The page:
This scenario plays out across agencies far and wide, many of which you have never even heard of. Like the Appalachian Electrification Agency, whose mission was fulfilled decades ago.
I know people who have been caught literally having sex in the office. I know people who have committed blatant security violations. There was a story in the news not long ago of a guy who did not report to work for something like 20 years, and the government paid him anyway. There is little or no accountability at any level. Even when Congress gets involved in their oversight role, what you see and hear is bluster for the cameras. No one is actually fired, fined, imprisoned, or sanctioned in any way. Witness Hillary Clinton being issued a subpoena by Congress, and simply refusing to honor it. Eric Holder was found in contempt of Congress, and absolutely nothing happened to him.
In the race to win a contract so a company can bill hours, they lowball the bid. This results in a highly technical contract being populated with 2 guys who are SME’s (Subject Matter Experts), and 40 guys/gals who know little or nothing about the technology. As an example, I once found myself in a 24/7, mission critical operations center staffed entirely by copier and printer repair men, junior sys admins, and kids fresh out of college. Systems upon which the lives of U.S. Troops actually depended, staffed by a completely unqualified group of people (including me), with fingers crossed hoping we learned what we needed to know fast enough to avoid a disaster. And that is par for the course.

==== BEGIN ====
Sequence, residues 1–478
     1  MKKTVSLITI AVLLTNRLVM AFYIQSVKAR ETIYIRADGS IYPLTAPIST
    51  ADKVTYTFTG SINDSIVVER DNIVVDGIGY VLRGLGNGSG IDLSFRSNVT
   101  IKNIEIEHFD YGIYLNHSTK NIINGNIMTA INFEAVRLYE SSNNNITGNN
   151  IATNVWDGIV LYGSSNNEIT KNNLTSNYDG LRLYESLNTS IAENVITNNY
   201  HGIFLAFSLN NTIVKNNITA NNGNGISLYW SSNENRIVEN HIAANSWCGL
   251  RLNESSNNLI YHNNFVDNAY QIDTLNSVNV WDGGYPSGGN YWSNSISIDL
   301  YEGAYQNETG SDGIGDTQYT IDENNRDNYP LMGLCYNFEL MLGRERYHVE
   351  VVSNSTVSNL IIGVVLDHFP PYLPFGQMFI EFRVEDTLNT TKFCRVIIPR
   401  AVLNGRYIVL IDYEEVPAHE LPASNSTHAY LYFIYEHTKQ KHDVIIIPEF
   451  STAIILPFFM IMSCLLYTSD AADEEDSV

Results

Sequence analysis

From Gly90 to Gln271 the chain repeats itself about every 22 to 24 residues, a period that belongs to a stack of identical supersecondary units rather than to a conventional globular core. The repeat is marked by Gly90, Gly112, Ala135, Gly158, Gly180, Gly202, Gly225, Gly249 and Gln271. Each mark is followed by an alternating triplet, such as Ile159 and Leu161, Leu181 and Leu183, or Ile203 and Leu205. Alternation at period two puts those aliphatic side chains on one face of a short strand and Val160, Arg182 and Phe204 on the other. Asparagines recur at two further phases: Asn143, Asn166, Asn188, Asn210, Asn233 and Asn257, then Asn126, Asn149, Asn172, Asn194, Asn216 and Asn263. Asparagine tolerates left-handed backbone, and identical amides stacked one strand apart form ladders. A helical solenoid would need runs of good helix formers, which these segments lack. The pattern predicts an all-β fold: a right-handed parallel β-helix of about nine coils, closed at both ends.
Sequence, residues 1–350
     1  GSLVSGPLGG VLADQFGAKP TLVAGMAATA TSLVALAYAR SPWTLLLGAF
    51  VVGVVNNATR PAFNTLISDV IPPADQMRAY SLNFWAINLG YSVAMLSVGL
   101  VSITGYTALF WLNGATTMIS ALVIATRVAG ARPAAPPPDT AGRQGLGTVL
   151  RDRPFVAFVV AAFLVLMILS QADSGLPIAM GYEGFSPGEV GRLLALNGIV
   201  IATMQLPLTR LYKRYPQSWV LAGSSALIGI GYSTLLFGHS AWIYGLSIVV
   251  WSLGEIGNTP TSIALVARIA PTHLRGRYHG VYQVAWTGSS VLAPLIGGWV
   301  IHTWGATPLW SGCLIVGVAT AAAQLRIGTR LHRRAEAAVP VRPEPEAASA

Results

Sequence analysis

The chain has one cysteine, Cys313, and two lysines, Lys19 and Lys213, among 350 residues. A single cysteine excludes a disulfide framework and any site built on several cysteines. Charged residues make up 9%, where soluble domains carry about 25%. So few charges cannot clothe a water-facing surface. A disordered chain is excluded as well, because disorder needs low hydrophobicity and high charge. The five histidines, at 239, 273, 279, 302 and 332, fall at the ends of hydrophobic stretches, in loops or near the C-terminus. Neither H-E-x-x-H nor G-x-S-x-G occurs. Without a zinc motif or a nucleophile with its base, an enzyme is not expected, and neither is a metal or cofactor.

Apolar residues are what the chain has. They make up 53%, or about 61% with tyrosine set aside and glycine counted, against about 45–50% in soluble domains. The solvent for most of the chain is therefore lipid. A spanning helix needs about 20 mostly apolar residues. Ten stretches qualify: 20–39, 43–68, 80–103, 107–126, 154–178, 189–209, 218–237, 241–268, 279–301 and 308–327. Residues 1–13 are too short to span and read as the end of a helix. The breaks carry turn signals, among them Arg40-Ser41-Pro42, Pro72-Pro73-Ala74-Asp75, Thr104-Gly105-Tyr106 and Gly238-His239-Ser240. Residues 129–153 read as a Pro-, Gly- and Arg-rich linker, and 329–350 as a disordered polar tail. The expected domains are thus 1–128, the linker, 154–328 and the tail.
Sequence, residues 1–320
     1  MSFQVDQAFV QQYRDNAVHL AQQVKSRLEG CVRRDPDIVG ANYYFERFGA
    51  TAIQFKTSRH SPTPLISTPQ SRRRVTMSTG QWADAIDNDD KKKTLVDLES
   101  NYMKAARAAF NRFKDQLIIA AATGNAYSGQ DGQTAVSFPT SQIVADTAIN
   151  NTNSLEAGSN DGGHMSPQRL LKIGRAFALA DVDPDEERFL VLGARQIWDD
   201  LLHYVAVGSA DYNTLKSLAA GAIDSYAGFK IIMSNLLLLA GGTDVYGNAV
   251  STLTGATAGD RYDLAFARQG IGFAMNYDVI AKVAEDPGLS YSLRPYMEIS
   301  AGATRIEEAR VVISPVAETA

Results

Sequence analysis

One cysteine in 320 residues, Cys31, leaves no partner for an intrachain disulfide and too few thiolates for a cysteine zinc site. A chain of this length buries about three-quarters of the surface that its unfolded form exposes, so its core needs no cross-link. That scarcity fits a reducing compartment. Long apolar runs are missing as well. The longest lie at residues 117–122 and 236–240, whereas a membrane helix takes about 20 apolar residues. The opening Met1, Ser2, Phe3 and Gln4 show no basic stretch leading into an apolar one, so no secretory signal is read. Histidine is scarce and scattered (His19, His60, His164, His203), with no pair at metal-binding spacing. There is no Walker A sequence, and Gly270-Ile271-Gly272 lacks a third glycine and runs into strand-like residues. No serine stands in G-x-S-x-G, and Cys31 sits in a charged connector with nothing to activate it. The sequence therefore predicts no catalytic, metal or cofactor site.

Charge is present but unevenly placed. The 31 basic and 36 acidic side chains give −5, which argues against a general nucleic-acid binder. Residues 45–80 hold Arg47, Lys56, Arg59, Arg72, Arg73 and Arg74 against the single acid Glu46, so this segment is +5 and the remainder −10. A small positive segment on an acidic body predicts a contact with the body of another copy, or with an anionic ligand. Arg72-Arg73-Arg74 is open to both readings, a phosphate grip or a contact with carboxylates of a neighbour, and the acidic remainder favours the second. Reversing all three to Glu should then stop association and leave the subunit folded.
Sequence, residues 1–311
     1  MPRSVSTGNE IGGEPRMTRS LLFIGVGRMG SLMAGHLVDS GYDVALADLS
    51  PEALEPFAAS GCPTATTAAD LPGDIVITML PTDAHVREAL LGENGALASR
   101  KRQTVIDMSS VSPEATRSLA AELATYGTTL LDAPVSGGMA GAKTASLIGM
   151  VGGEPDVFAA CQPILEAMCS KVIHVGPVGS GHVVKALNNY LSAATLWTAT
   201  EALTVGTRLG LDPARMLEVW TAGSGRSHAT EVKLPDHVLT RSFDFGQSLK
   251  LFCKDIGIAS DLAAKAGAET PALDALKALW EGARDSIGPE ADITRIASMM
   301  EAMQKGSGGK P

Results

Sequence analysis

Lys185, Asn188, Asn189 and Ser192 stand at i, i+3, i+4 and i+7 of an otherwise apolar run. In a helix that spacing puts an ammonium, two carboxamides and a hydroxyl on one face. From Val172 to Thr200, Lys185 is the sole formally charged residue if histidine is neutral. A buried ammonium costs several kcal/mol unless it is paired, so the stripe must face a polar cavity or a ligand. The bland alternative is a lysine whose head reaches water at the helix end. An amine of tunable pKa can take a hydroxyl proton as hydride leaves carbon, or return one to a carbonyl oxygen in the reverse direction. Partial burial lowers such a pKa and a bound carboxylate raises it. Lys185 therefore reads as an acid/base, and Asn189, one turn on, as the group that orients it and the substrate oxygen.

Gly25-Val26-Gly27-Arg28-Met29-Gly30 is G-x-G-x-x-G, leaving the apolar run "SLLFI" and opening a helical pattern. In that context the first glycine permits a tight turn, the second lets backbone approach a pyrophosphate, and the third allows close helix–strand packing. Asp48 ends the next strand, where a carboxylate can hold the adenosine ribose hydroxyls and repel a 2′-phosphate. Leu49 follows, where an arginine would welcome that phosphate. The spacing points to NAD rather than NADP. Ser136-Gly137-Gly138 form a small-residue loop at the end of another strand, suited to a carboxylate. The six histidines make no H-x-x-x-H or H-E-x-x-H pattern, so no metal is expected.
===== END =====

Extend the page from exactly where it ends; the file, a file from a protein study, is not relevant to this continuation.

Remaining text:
So the next time you drive past some federal facility, or hear one being discussed on the news bear this in mind. 30-40 percent of the people on the other side of the fence do little or nothing for a living. Millions and millions of your dollars went in to granite floors, marble sculptures, big ass leather couches and executive chairs, etc. The seats at the hundreds of cubes in each and every building cost, give or take, about $3k a pop. Tens of thousands of reams of paper and tons of printer ink are expended annually, in the 21st century. People schedule meetings to discuss the schedule for the next meeting.
YOU are paying for this. You might want to consider asking for your money back.